A Black woman named Dr. Stella Immanuel who identifies as a Houston-based physician, is the subject of national focus after a video where she promoted the controversial drug hydroxychloroquine, was taken off of social media.
“Hello Facebook put back my profile page and videos up or your computers with start crashing till you do,” she tweeted on Monday. “You are not bigger that God. I promise you. If my page is not back up face book will be down in Jesus name.”
The video that Immanuel is referencing dates back to Monday, where a group of doctors filmed during a “White Coat Summit,” on the steps of the Supreme Court. Immanuel was flanked by members of the group who call themselves, “America’s Frontline Doctors,” where she shared misinformation about hydroxychloroquine. Immanuel claims the drug will help to stop the spread of COVID-19, and that masks and lockdowns aren’t needed to stop the spread of the virus.
Immanuel and her colleagues soon became the subject of internet conspiracy theories regarding the drug, even though medical officials have said the claims that it stops the spread of COVID-19 are unfounded. Trump has touted the drug since the beginning of the pandemic, even though its use has not been medically approved.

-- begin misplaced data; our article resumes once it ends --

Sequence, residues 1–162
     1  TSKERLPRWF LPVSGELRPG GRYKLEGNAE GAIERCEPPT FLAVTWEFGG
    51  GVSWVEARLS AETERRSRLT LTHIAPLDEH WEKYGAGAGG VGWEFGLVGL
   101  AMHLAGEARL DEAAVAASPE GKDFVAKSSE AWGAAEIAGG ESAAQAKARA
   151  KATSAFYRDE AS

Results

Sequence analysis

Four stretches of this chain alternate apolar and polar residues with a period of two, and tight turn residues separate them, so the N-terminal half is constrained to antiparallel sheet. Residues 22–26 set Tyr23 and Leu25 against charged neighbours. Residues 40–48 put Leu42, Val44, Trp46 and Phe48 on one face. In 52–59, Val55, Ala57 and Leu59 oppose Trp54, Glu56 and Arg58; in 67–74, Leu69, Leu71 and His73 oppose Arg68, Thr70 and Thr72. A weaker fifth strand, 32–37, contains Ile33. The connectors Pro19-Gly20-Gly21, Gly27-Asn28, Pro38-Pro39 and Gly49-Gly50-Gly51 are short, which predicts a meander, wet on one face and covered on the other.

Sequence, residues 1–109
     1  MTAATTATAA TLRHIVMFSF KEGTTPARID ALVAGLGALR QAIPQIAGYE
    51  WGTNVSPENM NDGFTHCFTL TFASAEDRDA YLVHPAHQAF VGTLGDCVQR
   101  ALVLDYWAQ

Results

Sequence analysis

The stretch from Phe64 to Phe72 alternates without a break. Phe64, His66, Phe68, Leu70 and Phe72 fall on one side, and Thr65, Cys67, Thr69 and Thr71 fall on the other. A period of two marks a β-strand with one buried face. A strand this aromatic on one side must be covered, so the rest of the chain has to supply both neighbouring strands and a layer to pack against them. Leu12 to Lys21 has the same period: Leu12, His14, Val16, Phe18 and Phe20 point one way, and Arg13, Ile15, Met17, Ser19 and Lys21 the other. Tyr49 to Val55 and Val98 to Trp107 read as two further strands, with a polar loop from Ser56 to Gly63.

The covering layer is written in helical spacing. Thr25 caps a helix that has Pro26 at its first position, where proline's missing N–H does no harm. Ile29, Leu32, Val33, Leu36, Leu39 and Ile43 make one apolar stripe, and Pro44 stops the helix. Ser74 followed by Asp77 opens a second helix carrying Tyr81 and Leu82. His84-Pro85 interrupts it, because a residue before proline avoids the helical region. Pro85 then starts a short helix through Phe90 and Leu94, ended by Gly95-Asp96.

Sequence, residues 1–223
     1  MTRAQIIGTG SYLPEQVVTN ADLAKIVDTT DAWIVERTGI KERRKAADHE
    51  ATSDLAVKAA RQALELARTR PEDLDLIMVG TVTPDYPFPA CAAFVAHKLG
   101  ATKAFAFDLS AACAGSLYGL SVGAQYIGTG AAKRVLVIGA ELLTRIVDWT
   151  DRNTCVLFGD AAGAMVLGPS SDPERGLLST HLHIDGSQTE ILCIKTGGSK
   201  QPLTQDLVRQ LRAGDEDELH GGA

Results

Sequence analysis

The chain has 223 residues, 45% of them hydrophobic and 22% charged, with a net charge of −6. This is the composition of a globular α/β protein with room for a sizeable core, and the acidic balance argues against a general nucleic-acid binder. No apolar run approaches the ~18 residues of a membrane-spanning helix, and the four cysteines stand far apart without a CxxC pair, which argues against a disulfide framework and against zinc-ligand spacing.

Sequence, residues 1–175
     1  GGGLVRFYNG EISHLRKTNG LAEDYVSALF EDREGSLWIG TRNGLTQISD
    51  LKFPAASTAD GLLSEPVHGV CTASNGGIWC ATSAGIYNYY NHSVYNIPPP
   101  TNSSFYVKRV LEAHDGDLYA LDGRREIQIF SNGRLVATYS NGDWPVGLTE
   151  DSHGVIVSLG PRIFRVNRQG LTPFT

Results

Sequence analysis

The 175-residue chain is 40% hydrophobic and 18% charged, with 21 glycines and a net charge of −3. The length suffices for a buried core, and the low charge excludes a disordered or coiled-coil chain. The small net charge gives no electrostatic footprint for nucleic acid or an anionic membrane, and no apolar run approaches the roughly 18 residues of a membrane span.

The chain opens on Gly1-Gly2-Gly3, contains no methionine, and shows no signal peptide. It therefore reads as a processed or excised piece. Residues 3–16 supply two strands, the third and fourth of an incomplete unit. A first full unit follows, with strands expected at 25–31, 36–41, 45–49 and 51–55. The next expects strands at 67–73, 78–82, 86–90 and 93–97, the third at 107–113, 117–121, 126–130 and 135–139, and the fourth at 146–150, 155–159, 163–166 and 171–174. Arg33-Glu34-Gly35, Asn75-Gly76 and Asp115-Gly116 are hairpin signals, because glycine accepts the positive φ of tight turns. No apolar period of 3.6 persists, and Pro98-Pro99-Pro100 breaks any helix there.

Soon after, the video went viral after Trump and his son Donald Jr., retweeted it, causing Twitter to temporarily restrict Donald Jr.’s Twitter account. The link between Trump and conservative leadership across the country have supported the drug as a measure to rush and reopen the economy. Then there are others who shared continued distrust of medical officials, and feel theories like Immanuel’s are being silenced in order to favor “distrustful” vaccines formulated to stop the spread of the virus.
But Immanuel’s theories do not stop at hydroxychloroquine. She is also calls herself a spiritual leader and has published several bizarre sermons and theories, posted by The Daily Beast in a recent report on her background. The headline reads, “Trump’s New Favorite COVID Doctor Belives in Alien DNA, Demon Sperm, Hydroxycholorquine.”
In one argument, she claims that medical issues like endometriosis, cysts, infertility, and impotence are the result of having sex with “spirit husbands” and “spirit wives.”
“They turn into a woman and then they sleep with the man and collect his sperm,” Immanuel said, according to The Daily Beast. “Then they turn into the man and they sleep with a man and deposit the sperm and reproduce more of themselves.”
Trump loves using Black women as foils and tropes to help disseminate his unproven theories, and unfortunately, it looks like he has not set his eyes on Dr. Immanuel.